DAS Design: SISO, MIMO or iMIMO?

You may have received a specification for a MIMO DAS and not entirely be sure what it entails, it is a lot of acronyms crammed together. Alternatively, you might be considering ways in which to deploy a top-end DAS system. This is really the nitty-gritty detail of DAS topology, you may want to review some basics here prior.

Most DAS systems in a SISO (Single-Input Single-Output) or MIMO (Multi-Input Multi-Output) configuration. This correlates to how many RF Paths the mobile handset must communicate with the base station (BTS).


SISO DAS: Single Input Single Output

Most DAS systems for most applications are deployed as SISO. Meaning there is a single path for the RF signal to take from the base station to the user’s handset, which is intuitive and represents the majority of DAS sites in Australia.

MIMO DAS: Multiple Input Multiple Output

A 2×2 MIMO DAS configuration allows for essentially double the maximum throughput, but requires a doubling of all cabling, components and often active hardware. It provides a means of generating extra capacity on site (of which there are often other better value means) and increases the maximum throughput, which can be great for marketing and bragging rights. MIMO in macro towers can extend to much higher orders (you may hear about ‘Massive MIMO’ in the context of mmWave 5G) but typically in DAS 2×2 MIMO configurations are the most common, meaning everything is deployed in duplicate.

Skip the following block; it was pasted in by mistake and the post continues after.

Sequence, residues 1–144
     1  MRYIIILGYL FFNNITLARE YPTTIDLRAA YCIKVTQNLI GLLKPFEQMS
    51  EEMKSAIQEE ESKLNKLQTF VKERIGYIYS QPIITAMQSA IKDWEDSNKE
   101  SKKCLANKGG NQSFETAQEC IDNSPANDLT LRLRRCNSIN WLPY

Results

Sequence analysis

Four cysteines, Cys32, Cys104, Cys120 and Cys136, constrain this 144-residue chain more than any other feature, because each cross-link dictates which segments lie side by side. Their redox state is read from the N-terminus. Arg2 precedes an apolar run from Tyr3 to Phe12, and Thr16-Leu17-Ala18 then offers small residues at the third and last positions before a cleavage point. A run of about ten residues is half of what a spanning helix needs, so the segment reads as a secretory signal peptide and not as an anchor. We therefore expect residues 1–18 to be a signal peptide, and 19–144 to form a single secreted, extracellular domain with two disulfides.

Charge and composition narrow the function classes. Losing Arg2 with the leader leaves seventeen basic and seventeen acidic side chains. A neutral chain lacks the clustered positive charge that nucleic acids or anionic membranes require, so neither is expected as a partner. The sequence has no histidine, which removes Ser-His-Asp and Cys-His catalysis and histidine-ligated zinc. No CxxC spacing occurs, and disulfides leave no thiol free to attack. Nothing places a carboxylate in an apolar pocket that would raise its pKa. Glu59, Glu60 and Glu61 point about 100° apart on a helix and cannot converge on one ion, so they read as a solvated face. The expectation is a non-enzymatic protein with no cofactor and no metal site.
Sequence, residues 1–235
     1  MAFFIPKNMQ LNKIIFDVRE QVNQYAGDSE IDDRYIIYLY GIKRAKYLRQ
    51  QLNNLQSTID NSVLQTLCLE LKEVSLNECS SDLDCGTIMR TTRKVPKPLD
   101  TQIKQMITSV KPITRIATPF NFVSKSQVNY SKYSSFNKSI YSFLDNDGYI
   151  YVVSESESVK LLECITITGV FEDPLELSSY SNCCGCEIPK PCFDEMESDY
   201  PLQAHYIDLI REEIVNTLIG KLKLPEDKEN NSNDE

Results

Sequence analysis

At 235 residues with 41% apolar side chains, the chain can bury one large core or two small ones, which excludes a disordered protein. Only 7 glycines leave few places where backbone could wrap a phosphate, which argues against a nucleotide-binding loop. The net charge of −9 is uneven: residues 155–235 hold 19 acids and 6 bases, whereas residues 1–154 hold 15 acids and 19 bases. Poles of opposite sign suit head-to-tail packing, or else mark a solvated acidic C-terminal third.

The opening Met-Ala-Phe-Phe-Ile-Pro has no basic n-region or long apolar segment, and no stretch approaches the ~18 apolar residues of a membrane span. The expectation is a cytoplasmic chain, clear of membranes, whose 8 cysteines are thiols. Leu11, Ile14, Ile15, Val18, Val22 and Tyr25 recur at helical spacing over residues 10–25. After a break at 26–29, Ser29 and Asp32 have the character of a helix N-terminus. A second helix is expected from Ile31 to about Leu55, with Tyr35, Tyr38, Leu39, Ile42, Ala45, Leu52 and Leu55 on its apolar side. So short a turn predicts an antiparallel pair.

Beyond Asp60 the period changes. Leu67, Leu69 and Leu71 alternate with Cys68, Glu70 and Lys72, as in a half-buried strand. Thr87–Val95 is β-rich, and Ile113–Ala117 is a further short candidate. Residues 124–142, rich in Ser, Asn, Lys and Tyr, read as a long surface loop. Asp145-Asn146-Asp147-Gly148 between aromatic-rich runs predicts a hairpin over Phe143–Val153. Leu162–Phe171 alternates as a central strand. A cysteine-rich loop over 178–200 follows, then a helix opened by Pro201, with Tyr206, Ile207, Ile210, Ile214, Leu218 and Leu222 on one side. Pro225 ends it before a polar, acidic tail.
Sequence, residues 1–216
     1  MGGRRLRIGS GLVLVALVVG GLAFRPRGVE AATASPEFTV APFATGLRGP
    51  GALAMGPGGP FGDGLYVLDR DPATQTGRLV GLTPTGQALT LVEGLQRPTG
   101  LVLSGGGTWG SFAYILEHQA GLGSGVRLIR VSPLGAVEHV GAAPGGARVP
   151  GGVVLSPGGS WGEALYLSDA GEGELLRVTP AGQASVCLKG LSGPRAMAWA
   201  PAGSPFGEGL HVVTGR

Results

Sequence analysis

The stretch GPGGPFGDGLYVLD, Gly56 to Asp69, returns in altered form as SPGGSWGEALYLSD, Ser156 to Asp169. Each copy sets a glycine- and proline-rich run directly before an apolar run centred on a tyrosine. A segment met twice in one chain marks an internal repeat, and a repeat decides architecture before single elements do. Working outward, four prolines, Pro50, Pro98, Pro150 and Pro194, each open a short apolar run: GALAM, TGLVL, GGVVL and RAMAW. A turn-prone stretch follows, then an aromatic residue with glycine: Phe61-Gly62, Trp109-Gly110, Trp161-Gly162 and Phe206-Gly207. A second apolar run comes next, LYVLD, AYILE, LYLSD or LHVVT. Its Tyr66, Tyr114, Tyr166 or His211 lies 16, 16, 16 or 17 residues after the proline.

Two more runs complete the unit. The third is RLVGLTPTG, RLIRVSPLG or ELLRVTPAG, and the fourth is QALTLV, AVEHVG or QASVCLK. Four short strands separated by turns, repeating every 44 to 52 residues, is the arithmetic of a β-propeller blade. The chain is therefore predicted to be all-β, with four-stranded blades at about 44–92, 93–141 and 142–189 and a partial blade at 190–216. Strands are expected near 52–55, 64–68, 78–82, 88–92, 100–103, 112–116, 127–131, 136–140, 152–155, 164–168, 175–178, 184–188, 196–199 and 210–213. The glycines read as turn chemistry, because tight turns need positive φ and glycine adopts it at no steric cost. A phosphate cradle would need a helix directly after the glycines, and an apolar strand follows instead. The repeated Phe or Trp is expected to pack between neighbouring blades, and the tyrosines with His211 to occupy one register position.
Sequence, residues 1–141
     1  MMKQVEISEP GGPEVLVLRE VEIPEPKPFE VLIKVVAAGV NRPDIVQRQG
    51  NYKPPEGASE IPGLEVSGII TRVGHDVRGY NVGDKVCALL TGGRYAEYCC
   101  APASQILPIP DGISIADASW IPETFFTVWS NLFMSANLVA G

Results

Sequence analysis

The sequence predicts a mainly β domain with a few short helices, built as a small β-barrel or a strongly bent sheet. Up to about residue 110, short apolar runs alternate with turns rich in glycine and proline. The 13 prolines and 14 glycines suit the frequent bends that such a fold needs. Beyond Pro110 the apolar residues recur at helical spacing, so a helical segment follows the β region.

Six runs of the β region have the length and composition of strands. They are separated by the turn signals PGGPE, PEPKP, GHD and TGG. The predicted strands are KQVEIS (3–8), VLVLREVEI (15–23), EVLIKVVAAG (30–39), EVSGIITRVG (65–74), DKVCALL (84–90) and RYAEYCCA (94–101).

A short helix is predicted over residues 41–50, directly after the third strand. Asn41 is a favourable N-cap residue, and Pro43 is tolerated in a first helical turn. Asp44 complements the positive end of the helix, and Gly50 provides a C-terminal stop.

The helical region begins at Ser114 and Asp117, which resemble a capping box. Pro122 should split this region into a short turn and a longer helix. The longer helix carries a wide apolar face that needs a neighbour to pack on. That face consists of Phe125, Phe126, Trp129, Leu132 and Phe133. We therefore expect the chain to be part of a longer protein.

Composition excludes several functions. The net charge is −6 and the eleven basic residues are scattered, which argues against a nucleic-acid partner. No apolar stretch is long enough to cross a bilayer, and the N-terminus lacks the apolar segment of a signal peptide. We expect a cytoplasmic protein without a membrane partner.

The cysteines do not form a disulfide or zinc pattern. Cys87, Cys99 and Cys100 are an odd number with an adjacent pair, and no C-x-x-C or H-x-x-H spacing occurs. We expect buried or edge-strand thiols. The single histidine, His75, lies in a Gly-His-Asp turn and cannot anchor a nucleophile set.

MIMO provides for a means to deliver extra throughput to the end-users, and consequently extra capacity (although there are other more cost-efficient ways to deliver capacity). If maximum throughput and bragging rights are what you are chasing, a MIMO DAS is the best option.

The challenge with MIMO in DAS is often the requirement for two cables and often two antennas (although it is possible to use a combination antenna which has two physical antennas inside one physical housing for aesthetics)

MIMO deployments are becoming more common in Small Cell based deployments in which the antenna is essentially ‘smart’ and the need to run multiple cables is no longer required. It’s common to see 2×2 MIMO in Small cells with room to grow into higher-order MIMO being a core technology in 5G and mmWave technology (more on that here)

iMIMO DAS: Interleaved Multiple Input Multiple Output

Interleaved MIMO is a bit more abstract; it involves alternating antennas between RF Path A and RF Path B throughout the property, it offers a lot of the MIMO benefits without the full doubling in hardware requirements. But unfortunately adds significant degrees of complexity to design, implementation, testing and future troubleshooting. It also limits the available upgrade paths for future spectrum as antennas of the same stream will by design be placed further apart. This is an uncommon design with most DAS systems being either SISO or 2×2 MIMO.

 The choice of various DAS design elements including the SISO vs MIMO topology is largely a factor of desired performance and budget. Scopes may often call for MIMO DAS which is often excessive for most site ypes, don’t hesitate to contact us if you would like some clarification